If you're an avid late-night gadget-user who's also worried about the quality of your shut-eye...well, we have some bad news for you. If you've been using Night Shift on your Apple iPhone or Mac — or really, any kind blue-light-killing feature on your smartphone or computer — there's a chance that it might not work like you thought it did. In fact, it might not actually work at all.
A new Brigham Young University study published in Sleep Health has concluded that, as it relates to a person's quality of your sleep, Night Shift has no real effect. The study took a group of 167 people (between the ages of 18 and 24) and divided them into three groups. One group used their iPhone for the hour before going to bed with Night Shift turned on; one group did the same thing with Night Shift turned off; and the last group didn't look at their iPhone at all.
Yet, according to the study, "there were no significant differences in sleep outcomes across the three experimental groups."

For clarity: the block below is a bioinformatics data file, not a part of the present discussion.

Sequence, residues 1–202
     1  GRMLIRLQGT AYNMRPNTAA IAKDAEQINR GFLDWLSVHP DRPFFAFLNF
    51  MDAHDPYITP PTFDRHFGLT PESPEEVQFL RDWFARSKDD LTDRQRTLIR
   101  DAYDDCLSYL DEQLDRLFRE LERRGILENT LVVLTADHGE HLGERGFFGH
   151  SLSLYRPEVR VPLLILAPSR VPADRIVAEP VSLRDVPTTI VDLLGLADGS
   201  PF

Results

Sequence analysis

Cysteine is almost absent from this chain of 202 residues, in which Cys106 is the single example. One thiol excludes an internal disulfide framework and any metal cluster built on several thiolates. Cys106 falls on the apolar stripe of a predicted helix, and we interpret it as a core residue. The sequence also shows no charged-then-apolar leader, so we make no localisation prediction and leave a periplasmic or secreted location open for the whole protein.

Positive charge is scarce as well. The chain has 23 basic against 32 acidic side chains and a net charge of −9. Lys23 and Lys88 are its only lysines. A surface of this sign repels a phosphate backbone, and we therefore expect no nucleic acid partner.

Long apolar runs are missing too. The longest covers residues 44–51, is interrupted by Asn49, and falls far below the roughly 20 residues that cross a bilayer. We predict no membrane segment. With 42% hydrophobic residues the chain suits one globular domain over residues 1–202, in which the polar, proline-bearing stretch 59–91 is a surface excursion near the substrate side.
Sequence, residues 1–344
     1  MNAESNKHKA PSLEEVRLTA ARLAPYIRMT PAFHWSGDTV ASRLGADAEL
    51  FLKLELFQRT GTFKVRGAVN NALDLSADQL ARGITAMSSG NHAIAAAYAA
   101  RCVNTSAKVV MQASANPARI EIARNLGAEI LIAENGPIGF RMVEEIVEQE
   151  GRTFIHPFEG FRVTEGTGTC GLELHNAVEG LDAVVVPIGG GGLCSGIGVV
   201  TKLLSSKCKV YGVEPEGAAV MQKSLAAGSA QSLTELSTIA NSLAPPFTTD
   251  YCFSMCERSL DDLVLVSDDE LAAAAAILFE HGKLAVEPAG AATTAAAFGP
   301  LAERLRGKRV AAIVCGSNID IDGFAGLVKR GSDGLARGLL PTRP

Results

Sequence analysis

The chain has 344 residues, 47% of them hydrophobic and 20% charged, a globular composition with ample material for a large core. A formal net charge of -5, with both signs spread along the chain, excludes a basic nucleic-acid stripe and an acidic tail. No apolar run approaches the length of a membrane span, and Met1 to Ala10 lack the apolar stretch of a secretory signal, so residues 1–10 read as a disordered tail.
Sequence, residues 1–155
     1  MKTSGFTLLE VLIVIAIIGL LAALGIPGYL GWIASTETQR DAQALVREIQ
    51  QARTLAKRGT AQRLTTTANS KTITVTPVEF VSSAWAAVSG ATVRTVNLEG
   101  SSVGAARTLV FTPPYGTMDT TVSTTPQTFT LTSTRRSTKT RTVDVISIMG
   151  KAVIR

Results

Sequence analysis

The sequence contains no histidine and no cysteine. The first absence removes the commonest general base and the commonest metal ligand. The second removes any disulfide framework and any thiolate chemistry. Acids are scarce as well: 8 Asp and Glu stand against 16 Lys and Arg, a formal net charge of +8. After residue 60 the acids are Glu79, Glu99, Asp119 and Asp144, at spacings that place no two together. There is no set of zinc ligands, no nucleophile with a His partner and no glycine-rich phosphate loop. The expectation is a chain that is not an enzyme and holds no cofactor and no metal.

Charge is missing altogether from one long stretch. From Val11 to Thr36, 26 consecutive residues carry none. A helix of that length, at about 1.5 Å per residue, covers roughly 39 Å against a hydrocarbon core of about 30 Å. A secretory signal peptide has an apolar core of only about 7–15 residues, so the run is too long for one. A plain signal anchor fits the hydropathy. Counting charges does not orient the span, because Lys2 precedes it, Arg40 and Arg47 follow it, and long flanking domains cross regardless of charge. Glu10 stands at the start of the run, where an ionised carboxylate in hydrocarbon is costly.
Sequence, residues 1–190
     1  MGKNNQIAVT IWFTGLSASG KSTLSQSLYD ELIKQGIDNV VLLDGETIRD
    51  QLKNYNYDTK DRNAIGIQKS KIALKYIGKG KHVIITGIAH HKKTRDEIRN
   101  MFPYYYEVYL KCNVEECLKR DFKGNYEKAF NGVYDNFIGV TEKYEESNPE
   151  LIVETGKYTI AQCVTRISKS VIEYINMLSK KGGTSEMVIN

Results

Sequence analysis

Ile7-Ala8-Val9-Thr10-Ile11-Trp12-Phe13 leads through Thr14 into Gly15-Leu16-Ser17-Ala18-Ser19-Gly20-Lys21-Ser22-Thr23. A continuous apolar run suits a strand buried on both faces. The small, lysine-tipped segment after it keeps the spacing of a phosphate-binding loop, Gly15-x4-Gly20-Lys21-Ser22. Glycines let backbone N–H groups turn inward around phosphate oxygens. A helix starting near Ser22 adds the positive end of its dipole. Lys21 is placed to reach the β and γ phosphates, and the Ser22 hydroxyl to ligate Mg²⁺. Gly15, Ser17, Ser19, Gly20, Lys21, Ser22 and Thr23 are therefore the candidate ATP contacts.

This, of course, is very different from what other studies have been saying for years — which has been that looking at the blue light (created from our smartphones and computers) at night can make it more difficult to fall asleep and it can negatively effect the quality of your sleep, too.
The conclusions by the BYU study might be frustrating for those who have been using Night Sight (or a feature like it) for years. That said, there's no doubt that the effect, which gives your screen a orangish hue, makes it feel easier on the eyes. It's kind of cozy, too. And for some people, that's more than enough.
If you haven't tried Night Shift on your iPhone, you can easily try it out by opening your Control Center, pressing and holding the brightness control icon, and then toggling the Night Shift icon on/off.